The Alaska Frozen Tissue Collection: A resource for investigations of mammals

Joseph A. Cook
Gordon H. Jarrell




ABSTRACT

We propose to further integrate the UA Museum Mammal Collection and Alaska Frozen Tissue Collection into federal and state monitoring and inventorying initiatives by developing a permanent and more efficient personnel structure. This project will increase the value and accessibility of these collections and further establish them as important components of the regional scientific infrastructure. Presently there are many field studies and subsistence-monitoring projects on wild mammals underway throughout Alaska. While the UA Museum has capitalized on several excellent opportunities to archive material (e.g., Exxon Valdez marine mammals), a substantial number of ongoing projects do not result in the preservation of material in natural history collections.

Specifically, NSF support would upgrade a half-time position to full-time status as Manager of the Alaska Frozen Tissue Collection. The Museum has agreed to continue the new position with state funds and thus ensure a long-term effort to archive these important materials. The new position will expand the Alaska Frozen Tissue Collection significantly by coordinating efforts to collect tissues and skeletal material with the Alaska Department of Fish and Game, National Marine Fisheries Service and the U. S. Fish and Wildlife Service, National Park Service, USDA Forest Service, Bureau of Land Management, and North Slope Borough Division of Wildlife Management.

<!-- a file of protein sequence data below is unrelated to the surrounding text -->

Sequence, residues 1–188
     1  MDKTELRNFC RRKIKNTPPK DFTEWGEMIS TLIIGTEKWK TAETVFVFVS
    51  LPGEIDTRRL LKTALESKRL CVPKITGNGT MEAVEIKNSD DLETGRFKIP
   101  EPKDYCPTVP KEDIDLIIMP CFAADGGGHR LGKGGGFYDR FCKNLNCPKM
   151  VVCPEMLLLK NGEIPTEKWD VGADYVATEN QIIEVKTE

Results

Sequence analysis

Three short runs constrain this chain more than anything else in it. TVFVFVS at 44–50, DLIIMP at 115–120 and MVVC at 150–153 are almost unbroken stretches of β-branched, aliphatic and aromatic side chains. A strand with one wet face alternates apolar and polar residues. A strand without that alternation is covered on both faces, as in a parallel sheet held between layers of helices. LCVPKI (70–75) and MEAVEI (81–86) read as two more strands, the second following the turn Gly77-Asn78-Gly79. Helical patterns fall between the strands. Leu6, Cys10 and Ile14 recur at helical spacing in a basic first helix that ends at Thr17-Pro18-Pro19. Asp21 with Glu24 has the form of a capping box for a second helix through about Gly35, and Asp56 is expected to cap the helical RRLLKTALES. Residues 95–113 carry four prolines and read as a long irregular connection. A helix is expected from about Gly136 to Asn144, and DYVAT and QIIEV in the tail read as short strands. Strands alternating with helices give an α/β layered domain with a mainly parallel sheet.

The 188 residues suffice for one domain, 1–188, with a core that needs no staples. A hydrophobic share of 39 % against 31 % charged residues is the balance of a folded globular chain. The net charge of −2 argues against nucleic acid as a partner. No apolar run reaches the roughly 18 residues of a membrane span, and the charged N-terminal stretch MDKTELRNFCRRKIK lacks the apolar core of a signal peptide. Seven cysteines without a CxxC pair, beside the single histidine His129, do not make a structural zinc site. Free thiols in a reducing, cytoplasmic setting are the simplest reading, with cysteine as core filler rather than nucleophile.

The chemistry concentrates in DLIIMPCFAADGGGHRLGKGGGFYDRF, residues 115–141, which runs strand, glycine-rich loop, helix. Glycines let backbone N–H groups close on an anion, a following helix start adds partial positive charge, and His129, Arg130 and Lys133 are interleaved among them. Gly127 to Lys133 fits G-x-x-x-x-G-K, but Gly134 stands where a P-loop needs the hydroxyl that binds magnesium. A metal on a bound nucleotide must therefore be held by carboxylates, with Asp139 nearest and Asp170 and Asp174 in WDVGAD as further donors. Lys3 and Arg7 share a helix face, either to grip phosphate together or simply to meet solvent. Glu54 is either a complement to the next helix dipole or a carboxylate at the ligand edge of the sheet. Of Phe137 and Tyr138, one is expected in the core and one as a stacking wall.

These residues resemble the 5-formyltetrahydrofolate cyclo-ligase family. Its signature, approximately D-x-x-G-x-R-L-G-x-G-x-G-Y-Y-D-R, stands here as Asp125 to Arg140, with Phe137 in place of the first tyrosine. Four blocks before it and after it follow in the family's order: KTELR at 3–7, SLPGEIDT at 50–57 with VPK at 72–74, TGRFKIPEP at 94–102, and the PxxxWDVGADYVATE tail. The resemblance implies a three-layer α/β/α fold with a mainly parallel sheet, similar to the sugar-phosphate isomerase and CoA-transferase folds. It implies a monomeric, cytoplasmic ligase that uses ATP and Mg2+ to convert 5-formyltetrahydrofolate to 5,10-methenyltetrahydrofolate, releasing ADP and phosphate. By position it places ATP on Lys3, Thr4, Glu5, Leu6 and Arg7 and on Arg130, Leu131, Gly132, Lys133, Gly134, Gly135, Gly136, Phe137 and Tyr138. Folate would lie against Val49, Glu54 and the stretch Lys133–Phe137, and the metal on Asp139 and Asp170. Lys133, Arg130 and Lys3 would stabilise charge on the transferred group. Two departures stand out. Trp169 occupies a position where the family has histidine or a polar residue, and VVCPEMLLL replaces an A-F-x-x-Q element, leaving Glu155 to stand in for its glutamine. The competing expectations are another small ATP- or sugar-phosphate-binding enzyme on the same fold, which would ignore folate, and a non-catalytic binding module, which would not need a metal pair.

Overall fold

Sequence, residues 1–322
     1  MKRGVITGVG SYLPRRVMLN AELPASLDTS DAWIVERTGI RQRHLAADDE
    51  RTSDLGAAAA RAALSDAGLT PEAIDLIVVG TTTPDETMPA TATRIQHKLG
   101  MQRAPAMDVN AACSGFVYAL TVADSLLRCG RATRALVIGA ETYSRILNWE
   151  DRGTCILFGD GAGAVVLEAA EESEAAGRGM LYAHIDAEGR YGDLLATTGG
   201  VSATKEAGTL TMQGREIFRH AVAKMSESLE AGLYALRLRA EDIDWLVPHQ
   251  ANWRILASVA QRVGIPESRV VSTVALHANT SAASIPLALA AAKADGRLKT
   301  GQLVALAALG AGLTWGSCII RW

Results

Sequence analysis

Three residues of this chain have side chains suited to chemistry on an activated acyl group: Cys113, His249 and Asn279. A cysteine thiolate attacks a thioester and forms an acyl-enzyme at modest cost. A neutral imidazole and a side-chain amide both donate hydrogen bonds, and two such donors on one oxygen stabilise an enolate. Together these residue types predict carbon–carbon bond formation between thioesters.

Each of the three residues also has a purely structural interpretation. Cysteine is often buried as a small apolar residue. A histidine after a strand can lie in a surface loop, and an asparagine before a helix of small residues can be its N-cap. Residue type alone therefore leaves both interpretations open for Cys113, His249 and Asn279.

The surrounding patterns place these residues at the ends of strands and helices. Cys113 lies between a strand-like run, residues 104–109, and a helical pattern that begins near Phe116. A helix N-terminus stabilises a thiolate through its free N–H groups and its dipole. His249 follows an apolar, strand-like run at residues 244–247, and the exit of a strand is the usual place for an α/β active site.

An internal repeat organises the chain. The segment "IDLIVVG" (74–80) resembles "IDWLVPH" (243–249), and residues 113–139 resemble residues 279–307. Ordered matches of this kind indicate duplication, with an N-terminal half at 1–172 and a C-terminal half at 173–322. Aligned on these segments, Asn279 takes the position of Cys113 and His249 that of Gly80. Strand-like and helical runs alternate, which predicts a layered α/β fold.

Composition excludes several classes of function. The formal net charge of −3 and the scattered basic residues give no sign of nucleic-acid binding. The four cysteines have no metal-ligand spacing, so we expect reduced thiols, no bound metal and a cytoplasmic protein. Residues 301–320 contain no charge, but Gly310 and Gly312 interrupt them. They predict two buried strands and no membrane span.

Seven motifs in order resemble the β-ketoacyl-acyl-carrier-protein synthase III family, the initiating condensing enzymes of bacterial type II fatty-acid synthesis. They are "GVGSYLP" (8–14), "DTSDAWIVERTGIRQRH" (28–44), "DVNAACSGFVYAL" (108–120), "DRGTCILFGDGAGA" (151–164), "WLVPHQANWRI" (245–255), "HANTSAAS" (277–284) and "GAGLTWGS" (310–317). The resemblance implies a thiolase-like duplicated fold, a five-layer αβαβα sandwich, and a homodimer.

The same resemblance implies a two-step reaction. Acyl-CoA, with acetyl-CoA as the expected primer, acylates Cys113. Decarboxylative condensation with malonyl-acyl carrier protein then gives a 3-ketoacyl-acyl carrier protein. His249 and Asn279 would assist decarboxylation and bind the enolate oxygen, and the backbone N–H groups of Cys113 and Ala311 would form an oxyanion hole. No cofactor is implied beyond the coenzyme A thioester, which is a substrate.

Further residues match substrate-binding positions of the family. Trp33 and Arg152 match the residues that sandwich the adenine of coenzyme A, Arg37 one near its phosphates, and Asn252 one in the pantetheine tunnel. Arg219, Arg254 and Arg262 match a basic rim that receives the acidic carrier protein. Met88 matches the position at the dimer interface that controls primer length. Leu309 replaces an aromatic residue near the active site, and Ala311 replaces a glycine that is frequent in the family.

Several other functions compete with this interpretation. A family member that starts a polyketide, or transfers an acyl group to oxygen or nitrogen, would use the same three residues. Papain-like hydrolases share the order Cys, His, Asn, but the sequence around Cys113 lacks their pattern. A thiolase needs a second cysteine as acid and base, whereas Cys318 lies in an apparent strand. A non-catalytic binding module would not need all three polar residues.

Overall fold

Additional staffing will allow the current Collection Manager to (1) oversee the verification of the database, (2) migrate the database from x-base to Structured Query Language, (3) move the database onto its own dedicated server, and (4) assemble and archive related documentation (e. g, field notes, publications, reports). Finally, this project will provide additional freezer space and more secure back-up procedures for this large cryogenic collection.

Prior NSF support has dramatically increased activity in these two collections. Over 29,000 specimens were cataloged in the Mammal Collection in the past six years, bringing it to over 47,000 specimens. Holdings of North Pacific and Arctic pinnipeds are already among the largest anywhere. The Mammal Collection is nearly three times the size of the other largest holdings from this region (Smithsonian) and the Alaska Frozen Tissue Collection (AFTC) is among the largest worldwide. The AFTC contains samples from over 19,000 animals. Most are mammals (and represented by voucher specimens). We are now recruiting specimens from all regional taxa of vertebrates (e.g., >125 species of birds are represented). These are the only public collections within the Bering Strait region and use of the collections has grown rapidly. Studies in molecular systematics, wildlife genetics, epidemiology, and chemical ecology (particularly of high trophic-level organisms in the Arctic and North Pacific oceans) are now underway using these specimens. This proposal would result in a permanent manager for this large and active resource.